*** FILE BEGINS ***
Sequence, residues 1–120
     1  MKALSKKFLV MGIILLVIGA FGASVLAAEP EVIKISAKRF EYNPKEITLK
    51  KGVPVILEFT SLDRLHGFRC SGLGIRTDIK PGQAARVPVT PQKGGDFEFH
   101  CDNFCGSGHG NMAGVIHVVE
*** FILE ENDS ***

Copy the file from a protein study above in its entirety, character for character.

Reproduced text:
Sequence, residues 1–120
     1  MKALSKKFLV MGIILLVIGA FGASVLAAEP EVIKISAKRF EYNPKEITLK
    51  KGVPVILEFT SLDRLHGFRC SGLGIRTDIK PGQAARVPVT PQKGGDFEFH
   101  CDNFCGSGHG NMAGVIHVVE